For many small companies just starting out, scale-up is a distant dream. This is a topic for when their product is in full production and they will have time to devote to perfecting the pipeline and operational processes. Not so!
In many instances, operational systems can be set on a sustainable pathway from the very first instance. Think income tax time: If you start the year out just putting all your receipts in a shoebox, when it comes time to make out your 1040 you will have a disorganized mess of records (or non-records)! A lot of headaches and missed deductions/opportunities might have been avoided with a little forethought…
A good example is the quality system. For many start-ups, the quality system consists of the President saying “Call me if you have a problem – here is my cell phone number.” Invariably the customer will call at awkward times (at night, during meetings, etc ) when the President is otherwise not ready to focus on the product issue of immediate importance to the customer, or does not have the tools to respond in measured fashion. Later on a response is made, and perhaps the issue is resolved. Then the next call comes – same scenario as the first time – and so it goes on.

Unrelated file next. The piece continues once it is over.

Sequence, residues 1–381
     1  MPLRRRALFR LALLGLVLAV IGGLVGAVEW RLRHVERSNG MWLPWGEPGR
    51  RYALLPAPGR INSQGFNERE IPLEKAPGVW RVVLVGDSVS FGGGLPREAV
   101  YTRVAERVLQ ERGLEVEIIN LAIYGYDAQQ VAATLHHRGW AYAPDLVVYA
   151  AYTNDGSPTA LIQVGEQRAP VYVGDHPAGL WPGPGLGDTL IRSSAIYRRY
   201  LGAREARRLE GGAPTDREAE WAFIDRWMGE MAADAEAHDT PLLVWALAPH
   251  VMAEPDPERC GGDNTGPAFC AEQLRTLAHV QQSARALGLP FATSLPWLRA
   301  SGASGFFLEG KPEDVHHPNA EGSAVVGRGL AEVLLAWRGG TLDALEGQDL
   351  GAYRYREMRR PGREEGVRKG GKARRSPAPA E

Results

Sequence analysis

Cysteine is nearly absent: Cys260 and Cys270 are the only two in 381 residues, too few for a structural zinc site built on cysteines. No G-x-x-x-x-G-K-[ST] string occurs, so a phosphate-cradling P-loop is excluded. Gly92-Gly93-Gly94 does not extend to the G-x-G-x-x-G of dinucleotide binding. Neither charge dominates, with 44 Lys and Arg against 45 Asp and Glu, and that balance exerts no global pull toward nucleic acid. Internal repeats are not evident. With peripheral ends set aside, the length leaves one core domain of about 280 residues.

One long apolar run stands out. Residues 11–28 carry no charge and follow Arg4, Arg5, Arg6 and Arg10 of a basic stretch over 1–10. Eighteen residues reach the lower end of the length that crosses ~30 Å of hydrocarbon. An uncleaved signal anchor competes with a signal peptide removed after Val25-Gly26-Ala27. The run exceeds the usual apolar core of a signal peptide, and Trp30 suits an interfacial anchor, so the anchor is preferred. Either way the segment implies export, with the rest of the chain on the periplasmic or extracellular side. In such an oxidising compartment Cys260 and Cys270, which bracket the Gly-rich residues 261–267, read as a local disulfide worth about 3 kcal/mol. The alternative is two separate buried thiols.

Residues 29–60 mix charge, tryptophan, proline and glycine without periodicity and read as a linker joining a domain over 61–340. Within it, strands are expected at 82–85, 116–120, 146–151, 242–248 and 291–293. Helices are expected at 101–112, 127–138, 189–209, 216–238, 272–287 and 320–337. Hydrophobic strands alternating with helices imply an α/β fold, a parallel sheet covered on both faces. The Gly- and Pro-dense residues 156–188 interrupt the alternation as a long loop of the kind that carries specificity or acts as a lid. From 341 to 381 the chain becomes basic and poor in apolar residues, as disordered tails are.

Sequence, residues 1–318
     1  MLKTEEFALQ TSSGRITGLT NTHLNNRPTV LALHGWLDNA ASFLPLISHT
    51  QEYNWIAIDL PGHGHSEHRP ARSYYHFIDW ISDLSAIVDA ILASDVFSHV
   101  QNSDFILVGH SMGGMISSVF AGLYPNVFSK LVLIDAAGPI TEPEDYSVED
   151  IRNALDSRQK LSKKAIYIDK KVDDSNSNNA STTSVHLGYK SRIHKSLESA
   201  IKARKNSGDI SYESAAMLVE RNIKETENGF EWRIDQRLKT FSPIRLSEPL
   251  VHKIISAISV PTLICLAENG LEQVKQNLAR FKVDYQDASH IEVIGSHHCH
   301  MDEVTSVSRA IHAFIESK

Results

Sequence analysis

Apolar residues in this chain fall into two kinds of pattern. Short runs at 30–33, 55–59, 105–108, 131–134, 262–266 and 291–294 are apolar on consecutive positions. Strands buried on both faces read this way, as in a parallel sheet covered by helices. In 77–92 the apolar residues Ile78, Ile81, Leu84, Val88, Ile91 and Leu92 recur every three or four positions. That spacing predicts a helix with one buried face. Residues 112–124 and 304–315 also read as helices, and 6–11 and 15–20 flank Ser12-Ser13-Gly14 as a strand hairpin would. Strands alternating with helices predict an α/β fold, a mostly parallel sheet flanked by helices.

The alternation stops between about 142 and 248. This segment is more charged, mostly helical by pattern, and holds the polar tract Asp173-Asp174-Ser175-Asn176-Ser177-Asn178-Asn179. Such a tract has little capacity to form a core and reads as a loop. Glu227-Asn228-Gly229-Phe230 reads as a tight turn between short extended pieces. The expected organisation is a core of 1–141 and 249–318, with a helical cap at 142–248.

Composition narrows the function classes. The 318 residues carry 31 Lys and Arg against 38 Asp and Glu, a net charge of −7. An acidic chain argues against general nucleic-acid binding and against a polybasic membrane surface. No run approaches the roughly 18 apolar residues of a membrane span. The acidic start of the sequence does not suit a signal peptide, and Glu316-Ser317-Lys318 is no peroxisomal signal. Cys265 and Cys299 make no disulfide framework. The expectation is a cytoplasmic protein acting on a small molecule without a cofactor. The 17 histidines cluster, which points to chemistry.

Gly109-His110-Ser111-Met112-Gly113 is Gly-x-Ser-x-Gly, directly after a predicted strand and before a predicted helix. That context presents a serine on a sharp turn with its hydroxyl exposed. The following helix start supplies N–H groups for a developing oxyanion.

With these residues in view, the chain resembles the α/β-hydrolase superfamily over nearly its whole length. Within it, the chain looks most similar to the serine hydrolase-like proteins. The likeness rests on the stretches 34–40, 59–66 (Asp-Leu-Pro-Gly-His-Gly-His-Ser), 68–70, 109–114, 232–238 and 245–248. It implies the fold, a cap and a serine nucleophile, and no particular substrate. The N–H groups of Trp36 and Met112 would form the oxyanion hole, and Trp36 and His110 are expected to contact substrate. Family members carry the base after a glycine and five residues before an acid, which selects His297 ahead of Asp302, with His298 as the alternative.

What happens when the company is successful? Does the President continue to answer every call to his number? Have issues all been resolved successfully? What modifications to product and documentation were done, when, and to which lots? How fast has the response been? Even non-issues can point to underlying opportunities for improvement if recorded and reviewed.
Ideally, customer concerns can be routed to a unique customer service number, where all calls and issues are recorded, along with information requirements (date, responder, lot number, delivery date, use mode, place in service date, justified complaint (yes/no?), response date, customer response, etc) which may make root cause problem identification easier and more robust. The Customer Question Line can be assigned to individuals on staff who are ready to respond at any given time. This need not be solely one person – the duty to answer can be passed around to qualified individuals in rotation. Likewise, basic recordkeeping (a spreadsheet or logbook is not too much to ask?!) will make for easier analysis and visibility of issues and answers.
Although the above (real-life) example calls out scaling issues in the Customer Response system, other operational disciplines such as Supply Chain, Warehousing, Quality Control, and Product Production all benefit from measured placement of sustainable systems which are future scale-friendly. A shoebox, virtual or otherwise, is not a scaleable solution, although it does bury the problem for a while.